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 ~ Introduction
 ~ Case Report
 ~ Discussion
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  Table of Contents  
CASE REPORT
Year : 2018  |  Volume : 36  |  Issue : 4  |  Page : 597-599
 

A case of septicaemic melioidosis: Utility of therapeutic drug monitoring and high-dose meropenem in successful management


1 Department of General Medicine, Christian Medical College, Vellore, Tamil Nadu, India
2 Department of Clinical Microbiology, Christian Medical College, Vellore, Tamil Nadu, India
3 Department of Clinical Pharmacology, Christian Medical College, Vellore, Tamil Nadu, India

Date of Web Publication18-Mar-2019

Correspondence Address:
Dr. Ramya Iyyadurai
Department of General Medicine Unit V, Christian Medical College, Vellore - 632 004, Tamil Nadu
India
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Source of Support: None, Conflict of Interest: None


DOI: 10.4103/ijmm.IJMM_18_433

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 ~ Abstract 

Melioidosis is an emerging infectious disease of major public health importance. We describe a patient who presented with septicaemic melioidosis with multi-organ dysfunction. He had only marginal response on standard doses of meropenem. Therapeutic drug monitoring (TDM) revealed suboptimal concentration of meropenem following which drug dose was increased, with which he showed rapid clinical improvement and microbiological clearance. Melioidosis presents with multisystem involvement with disseminated abscess, standard dosing of meropenem may not be sufficient in achieving therapeutic levels and TDM with increased dosing in these critically ill patients will improve outcome.


Keywords: Burkholderia pseudomallei, melioidosis, meropenem, therapeutic drug monitoring


How to cite this article:
Gunasekaran K, Amladi A, Mathew SK, Miraclin T A, Iyyadurai R. A case of septicaemic melioidosis: Utility of therapeutic drug monitoring and high-dose meropenem in successful management. Indian J Med Microbiol 2018;36:597-9

How to cite this URL:
Gunasekaran K, Amladi A, Mathew SK, Miraclin T A, Iyyadurai R. A case of septicaemic melioidosis: Utility of therapeutic drug monitoring and high-dose meropenem in successful management. Indian J Med Microbiol [serial online] 2018 [cited 2019 May 21];36:597-9. Available from: http://www.ijmm.org/text.asp?2018/36/4/597/254399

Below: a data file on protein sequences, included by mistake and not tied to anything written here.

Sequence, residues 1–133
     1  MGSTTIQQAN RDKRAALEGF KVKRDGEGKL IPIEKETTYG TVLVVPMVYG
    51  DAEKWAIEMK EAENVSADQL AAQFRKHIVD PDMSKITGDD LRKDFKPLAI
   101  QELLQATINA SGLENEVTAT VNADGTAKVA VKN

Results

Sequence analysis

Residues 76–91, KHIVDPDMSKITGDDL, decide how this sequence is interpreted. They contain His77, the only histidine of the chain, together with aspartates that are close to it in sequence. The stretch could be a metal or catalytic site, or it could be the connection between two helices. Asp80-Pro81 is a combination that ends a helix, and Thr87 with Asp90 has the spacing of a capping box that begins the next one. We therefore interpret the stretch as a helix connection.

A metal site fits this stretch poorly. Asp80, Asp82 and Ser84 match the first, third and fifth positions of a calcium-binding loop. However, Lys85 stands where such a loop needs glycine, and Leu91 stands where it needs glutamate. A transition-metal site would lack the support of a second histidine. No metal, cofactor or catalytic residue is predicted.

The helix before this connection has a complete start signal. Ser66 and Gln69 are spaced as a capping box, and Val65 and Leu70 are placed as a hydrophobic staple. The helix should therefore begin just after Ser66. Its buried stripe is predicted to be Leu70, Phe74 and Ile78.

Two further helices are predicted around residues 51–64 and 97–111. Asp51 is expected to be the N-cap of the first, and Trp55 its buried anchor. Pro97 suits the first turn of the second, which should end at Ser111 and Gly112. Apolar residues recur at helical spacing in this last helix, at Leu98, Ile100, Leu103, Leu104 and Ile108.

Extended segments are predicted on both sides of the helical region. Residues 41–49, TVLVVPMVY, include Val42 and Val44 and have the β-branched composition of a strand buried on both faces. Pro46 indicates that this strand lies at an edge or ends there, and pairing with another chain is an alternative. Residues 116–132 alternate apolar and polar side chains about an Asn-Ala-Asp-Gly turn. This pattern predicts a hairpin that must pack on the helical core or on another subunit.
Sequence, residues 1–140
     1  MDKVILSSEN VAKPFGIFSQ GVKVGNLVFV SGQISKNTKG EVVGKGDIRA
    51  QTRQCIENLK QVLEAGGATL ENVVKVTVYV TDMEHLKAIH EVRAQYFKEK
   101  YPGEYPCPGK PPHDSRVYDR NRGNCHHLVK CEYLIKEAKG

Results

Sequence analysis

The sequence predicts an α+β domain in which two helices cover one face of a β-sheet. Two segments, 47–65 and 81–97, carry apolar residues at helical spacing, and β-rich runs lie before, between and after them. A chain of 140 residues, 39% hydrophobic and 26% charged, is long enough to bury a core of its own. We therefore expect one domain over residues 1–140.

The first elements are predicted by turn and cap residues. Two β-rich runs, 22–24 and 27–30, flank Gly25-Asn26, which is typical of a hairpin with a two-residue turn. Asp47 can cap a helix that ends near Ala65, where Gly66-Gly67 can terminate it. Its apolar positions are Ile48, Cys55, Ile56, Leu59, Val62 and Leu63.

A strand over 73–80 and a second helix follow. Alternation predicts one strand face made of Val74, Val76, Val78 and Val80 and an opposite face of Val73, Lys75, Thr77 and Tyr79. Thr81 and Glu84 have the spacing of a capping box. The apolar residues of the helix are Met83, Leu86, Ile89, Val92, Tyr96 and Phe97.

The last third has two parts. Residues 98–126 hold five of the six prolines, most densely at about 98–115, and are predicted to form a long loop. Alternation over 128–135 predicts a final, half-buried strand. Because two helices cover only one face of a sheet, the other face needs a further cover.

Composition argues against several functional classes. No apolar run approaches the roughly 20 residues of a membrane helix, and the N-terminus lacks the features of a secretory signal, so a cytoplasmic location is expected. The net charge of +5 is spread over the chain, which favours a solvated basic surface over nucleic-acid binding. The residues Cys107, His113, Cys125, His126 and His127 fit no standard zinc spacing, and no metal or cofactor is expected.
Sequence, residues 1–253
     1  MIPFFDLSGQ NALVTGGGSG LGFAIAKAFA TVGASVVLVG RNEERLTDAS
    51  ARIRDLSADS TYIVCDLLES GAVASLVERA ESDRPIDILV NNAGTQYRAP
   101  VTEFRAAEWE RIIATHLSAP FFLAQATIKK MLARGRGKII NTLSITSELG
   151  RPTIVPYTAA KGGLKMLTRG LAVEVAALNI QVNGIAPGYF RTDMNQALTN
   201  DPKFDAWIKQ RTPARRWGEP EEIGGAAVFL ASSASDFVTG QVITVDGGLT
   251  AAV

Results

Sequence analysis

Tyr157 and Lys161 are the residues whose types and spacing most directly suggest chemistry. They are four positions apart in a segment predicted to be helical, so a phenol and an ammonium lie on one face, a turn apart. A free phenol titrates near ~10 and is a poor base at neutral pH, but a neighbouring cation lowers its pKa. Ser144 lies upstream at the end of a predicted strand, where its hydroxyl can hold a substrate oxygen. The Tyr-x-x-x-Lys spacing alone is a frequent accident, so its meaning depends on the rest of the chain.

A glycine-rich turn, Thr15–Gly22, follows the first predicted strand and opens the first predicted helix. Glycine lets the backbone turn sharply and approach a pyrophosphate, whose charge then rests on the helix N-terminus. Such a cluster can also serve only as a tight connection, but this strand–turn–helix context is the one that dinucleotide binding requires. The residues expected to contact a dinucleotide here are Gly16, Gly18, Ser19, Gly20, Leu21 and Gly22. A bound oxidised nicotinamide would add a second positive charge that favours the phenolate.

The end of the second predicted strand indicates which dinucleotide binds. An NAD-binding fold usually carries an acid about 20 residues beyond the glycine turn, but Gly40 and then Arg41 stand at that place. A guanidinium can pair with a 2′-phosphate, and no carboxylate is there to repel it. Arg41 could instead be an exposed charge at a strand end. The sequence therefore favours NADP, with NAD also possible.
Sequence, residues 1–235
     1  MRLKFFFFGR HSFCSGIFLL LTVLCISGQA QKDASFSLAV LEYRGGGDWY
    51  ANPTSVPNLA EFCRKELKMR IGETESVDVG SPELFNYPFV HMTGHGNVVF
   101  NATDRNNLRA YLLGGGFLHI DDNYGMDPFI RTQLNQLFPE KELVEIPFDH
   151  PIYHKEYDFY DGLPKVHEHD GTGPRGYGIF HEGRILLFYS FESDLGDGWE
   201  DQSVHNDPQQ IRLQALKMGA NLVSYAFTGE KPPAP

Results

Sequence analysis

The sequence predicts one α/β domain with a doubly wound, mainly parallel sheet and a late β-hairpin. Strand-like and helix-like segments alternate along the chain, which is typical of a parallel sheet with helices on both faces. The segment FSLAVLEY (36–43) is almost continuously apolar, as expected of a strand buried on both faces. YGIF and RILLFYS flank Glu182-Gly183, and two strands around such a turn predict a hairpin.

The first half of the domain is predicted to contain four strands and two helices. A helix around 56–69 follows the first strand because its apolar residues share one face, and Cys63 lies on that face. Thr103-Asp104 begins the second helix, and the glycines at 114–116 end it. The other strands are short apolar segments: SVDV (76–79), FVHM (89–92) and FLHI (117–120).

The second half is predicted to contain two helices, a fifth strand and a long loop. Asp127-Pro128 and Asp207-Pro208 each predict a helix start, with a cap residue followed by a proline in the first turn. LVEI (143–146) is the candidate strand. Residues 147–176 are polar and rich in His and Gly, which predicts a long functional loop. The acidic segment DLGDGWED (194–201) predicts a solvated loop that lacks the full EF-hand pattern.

~ Introduction Top


Melioidosis, caused by Gram-negative bacteria Burkholderia pseudomallei, is an important cause of sepsis in Southeast Asia and other tropical countries.[1] The typical hosts are either directly exposed to soil or those with underlying risk factors such as alcohol dependence, cirrhosis, diabetes, thalassaemia, renal disease or any form of systemic immunosuppression.[2] Clinical infection presents as a spectrum ranging from febrile illness to septicaemic disease as well as localised infection, with characteristic abscess formation.[1] Bacteraemia at admission occurs in 40%–60% of the cases, septic shock in around 20% and pneumonia is the presenting illness in over 50% of all cases.[3] Mortality rates are reported to be as high as 40%. Culture isolation of B. pseudomallei is the current diagnostic gold standard.[1] Therapeutic drug monitoring (TDM) and achievement of meropenem trough concentrations, five times above minimum inhibitory concentration (MIC), have shown to improve clinical outcome.[4]


 ~ Case Report Top


A 40-year-old gentleman presented with a history of prolonged febrile illness for 3 weeks, associated with cough and expectoration and worsening breathing difficulty with altered sensorium for 1 week. Clinical examination revealed features of systemic inflammatory response syndrome with low sensorium (GCS– E4M5V3-12/15). Systemic examination revealed coarse crackles in left mammary, infra-axillary and infra-scapular regions and mild hepatosplenomegaly. Investigations revealed haemoglobin of 14.4 gm%, total white blood cell count of 5800/mm 3 with left shift and platelet count of 35,000/mm 3. His random blood sugar was recorded as high (>500 mg/dl) with urine ketones being positive. His glycosylated haemoglobin was 13.5 gm%. His serum creatinine was 0.88 mg% and urea was 35 mg% with evidence of transaminitis (SGOT – 61 U/l, SGPT– 32 U/l and alkaline phosphatase – 152 U/l). Blood cultures isolated B. pseudomallei which was susceptible to ceftazidime (MIC – 1 mcg/ml), co-trimoxazole (MIC – 1.5 mcg/ml), imipenem (MIC – 0.25 mcg/ml), doxycycline (MIC – 0.75 mcg/ml) and meropenem (MIC – 0.75 mcg/ml). Chest radiography revealed left upper lobe and lingular consolidation [Figure 1]. Computed tomography of brain was normal and examination of cerebrospinal fluid was normal. Imaging of abdomen showed multiloculated visceral abscesses in the liver, spleen and kidneys. Bone scan revealed osseoarticular involvement, with focus in lumbar vertebra and the sacroiliac joint. He progressed to develop haemodynamic decompensation and acute respiratory distress syndrome. He was transferred to the intensive care unit and was initiated on mechanical ventilation and inotropic supports. He was initiated on intravenous meropenem 1 g Q8 h as a 3 h infusion and co-trimoxazole Q12 h. However, he continued to be bacteraemic 1 week after the initiation of intravenous antibiotic at the recommended doses. The meropenem trough level was assessed and was found to be 1.1 mcg/ml (therapeutic range – four times MIC for the organism). Hence, the doses of meropenem were escalated with a bolus of 2 g intravenously followed by 2 g every 8th hourly as 3 h infusion, subsequent to which he improved clinically and achieved culture conversion in 48 h. His glycaemic status was optimised and was initiated on maintenance therapy with ceftazidime and trimethoprim-sulphamethoxazole. He improved clinically and was discharged.
Figure 1: Chest radiography showing left upper lobe consolidation